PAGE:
Taylor enjoys the challenge of creating dances on different ages and abilities.
"That’s the fun part, because I love to see them master and bring the movements to life," she said. "I enjoy seeing the young kids glow when it comes to performance time. They get that performance vibe and get so confident. And then when I work with my advanced students, it’s great to see them put their own flair into the moves.
"I do expect a lot from them and I have found the higher I raise the bar, the higher they will try to jump. And when it’s done, they want to do it again," she said.
One of the works that will be performed is called "Animation."
It’s the only piece not choreographed by Taylor and is comprised of robot-like movements performed by four boys.
"I saw these boys perform at the TED-Ex event and thought how much they would fit within one of our productions," she said. "One of the boys’ mothers teaches with me, so that’s how I was able to get them into ‘Neon Nights.’"
Taylor liked that she can showcase a piece that showcases boys.
"It’s good for young people to see male dancing or being involved anywhere in the performing arts, because there is a stigma that surrounds boys and art in our culture," she said. "Men dance all around the world – Europe, Africa, South America and Asia. But in the United States, boys aren’t encouraged to dance. So, I’m excited to have a piece like this in the program."
Throughout the years, Taylor has presented contemporary dance and singing performances in Park City because she feels a responsibility to continue producing quality art the whole community can enjoy.
"One of the things I think a lot about is the happiness these productions create," she said. "Music and dance gives kids a lot of joy. I mean, when I look at one of my daughters, who is a dancer in the program, I feel that if I can give her any skill or gift in life, it will be happiness or joy."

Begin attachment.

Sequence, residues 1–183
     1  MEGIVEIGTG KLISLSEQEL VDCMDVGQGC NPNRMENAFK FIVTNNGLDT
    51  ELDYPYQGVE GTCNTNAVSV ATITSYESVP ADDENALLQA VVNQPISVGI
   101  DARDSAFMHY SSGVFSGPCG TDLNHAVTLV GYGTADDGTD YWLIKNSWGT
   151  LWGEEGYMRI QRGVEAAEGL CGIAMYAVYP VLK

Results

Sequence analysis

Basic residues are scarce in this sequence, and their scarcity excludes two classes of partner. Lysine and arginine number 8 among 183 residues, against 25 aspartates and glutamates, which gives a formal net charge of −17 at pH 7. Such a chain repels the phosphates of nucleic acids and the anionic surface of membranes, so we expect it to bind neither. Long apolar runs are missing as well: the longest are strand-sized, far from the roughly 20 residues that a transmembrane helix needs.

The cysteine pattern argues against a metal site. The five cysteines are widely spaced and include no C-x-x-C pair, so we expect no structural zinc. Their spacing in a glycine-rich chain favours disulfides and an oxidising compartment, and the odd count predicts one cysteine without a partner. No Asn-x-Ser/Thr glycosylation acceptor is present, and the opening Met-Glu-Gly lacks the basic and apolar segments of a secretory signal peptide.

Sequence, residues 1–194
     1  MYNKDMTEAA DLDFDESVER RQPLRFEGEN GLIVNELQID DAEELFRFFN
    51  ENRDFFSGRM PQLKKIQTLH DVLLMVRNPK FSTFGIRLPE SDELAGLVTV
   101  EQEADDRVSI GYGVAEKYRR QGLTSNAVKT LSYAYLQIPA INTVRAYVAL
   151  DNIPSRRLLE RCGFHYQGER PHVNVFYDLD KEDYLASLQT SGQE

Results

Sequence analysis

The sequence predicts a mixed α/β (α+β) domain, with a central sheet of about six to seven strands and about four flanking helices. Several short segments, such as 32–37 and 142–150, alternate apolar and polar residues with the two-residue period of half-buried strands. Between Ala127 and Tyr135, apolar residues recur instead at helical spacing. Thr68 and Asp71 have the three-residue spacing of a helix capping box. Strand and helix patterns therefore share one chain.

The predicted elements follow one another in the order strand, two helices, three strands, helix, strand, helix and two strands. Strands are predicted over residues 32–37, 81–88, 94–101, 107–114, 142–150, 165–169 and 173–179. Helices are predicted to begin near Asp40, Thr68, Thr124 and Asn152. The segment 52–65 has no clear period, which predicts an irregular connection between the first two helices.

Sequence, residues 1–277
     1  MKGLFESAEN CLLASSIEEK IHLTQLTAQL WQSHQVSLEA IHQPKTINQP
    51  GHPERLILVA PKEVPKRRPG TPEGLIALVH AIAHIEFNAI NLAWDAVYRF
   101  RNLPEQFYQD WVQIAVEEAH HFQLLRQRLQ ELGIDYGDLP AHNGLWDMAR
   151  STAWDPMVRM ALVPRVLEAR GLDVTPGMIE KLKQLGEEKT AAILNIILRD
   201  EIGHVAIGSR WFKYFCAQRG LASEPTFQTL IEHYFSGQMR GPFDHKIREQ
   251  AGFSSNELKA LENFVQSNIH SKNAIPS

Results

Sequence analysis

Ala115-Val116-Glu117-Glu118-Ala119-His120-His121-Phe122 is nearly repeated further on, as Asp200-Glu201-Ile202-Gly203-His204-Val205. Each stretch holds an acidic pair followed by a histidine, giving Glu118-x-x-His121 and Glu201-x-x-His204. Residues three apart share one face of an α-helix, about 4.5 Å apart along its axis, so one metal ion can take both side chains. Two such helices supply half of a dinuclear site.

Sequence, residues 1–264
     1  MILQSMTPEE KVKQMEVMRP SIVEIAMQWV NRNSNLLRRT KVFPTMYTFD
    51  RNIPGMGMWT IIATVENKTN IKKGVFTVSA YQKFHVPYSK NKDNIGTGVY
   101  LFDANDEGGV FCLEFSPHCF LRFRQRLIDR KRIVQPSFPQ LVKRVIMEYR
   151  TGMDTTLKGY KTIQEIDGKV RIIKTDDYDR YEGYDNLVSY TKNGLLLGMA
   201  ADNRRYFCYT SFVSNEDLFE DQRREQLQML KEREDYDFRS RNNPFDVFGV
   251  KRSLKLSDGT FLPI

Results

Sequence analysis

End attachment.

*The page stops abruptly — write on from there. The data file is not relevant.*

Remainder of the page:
If people feel joy, they can develop other skills and talents, Taylor explained.
The joy shows among the young talent involved with "Neon Nights!"
"This group works so well together and the pieces are perfect," Taylor said "The kids’ dynamics are so positive, and if there is a challenges it would be the lighting."
For the first time, Taylor is delegating the lighting cues to other people.
"I have never had to rely on different people, because in the past, I have been able to run all those little things myself," she said. "But I have to learn to trust that they will flip the right lights on and off at the right time, even though that gives me a little bit of anxiety."
Taylor Productions will present "Neon Nights!" on Monday and Tuesday, Dec. 17 and Dec. 18, Jim Santy Auditorium at the Park City Library and Education Center, 1255 Park Ave. 7 p.m. The performances will raise awareness for Acres of Love. Admission is free, but donations will be accepted Dec. 18. For more information, visit http://www.tanyataylorproductions.com.
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The missing man, Kyle S. Wimpenny, of Boise, Idaho, left for a backpacking trip Sunday, Sept. 13 and was supposed to return home Wednesday, Sept. 16.